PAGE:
Another set of cues, and a particularly powerful one, is body language. Mimicry, in particular, seems to put us at our ease. Recent work by Tanya Chartrand, a psychology professor at Duke, and work by Jeremy Bailenson and Nick Yee, media scholars at Stanford, have shown that if a person, or even a computer-animated figure, mimics our movements while talking to us, we will find our interlocutor significantly more persuasive and honest.
Cute, eh? Go read the Globe article; it’s great.
If you love academic writing, or even more detail, here’s a PDF of a Princeton University study on the subject.
While reading this NLP Connections thread I was reminded of my early reading of Transactional Analysis. Books like I’m OK, You’re OK, Games People Play, and Beyond Games and Scripts really piqued my interest in psychology and therapeutic interaction.
(I know Richard likes to poke fun at TA, but what I really think he pokes fun of is how people can’t tell metaphor or model from reality.)
Anyway, in the above-linked thread, one of the participants mentioned something I hadn’t seen before: The Karpman Drama Triangle. I thought you might like it too. Here’s the link to an article on the topic: The Three Faces of Victim.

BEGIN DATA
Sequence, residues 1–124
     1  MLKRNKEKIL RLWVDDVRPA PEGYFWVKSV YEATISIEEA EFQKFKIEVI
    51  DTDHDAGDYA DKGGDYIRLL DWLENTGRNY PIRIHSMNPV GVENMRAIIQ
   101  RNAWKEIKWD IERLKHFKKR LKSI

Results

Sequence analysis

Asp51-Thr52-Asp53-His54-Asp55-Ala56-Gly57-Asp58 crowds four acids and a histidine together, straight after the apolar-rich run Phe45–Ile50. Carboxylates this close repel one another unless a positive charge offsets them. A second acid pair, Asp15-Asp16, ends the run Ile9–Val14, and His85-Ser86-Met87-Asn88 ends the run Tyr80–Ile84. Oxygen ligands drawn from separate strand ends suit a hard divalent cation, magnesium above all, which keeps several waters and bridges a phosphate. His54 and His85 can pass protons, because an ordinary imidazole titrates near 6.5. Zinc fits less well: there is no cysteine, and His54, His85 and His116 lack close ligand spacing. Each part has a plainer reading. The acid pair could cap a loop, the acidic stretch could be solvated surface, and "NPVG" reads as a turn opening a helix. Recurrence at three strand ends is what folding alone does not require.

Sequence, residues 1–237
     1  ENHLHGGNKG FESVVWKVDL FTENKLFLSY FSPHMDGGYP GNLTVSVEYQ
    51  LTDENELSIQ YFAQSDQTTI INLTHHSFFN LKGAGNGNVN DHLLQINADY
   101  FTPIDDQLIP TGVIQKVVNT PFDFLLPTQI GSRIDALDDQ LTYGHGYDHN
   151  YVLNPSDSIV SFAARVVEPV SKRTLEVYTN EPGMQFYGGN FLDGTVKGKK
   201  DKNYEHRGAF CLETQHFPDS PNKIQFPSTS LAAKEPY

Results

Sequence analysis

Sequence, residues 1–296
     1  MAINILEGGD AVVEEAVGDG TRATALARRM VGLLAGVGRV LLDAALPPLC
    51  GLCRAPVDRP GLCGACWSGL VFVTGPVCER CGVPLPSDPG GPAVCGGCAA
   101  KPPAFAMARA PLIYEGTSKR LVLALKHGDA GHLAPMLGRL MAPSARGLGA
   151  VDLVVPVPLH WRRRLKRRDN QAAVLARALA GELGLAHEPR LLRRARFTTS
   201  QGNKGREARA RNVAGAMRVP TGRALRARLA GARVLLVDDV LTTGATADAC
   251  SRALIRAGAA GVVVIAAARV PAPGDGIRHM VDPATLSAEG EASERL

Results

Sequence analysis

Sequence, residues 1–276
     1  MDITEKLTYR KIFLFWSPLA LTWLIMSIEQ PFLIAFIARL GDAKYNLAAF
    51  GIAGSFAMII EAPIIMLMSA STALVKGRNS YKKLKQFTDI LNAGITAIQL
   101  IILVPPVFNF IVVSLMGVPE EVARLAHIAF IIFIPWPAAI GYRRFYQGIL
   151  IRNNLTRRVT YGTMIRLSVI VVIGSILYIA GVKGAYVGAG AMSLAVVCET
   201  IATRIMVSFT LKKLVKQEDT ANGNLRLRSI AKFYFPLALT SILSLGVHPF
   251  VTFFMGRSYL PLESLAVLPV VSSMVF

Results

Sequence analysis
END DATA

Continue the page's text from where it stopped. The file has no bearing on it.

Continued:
Andy Smith at Practical EQ says there’s something to the “rule of three” we so often use with the Convincer Strategy:
It’s a commonplace saying in NLP that “most people have a ‘three-time convincer'” – in other words, people need to experience three examples of something to be convinced.
Now there’s some research evidence to back this up…
Read the rest at Practical EQ: The “three time convincer” – some research support
If you are, do you look good? If you aren’t, would you look good if you were?
I rarely watch TV, and when I do you can be damn sure it isn’t Lifetime TV. But I was flipping through the channel guide at my S/O’s house the other day when the name of a show caught my eye: How to Look Good Naked. Being male — er, curious — I checked it out, and I must say I was impressed.
This is not your typical makeover show. Yes, the ladies get new clothes, makeup, and hairstyle, but think about it: none of that makes them look good naked.
No diets, no exercise, no plastic surgery. No changes in their bodies at all. And by the end of the show, these self-loathing ladies are confidently posing nude for a photographer and strutting — in front of an audience — down a catwalk in their underwear. And loving it. Loving it.
How do they do it? You’ll have to watch the show: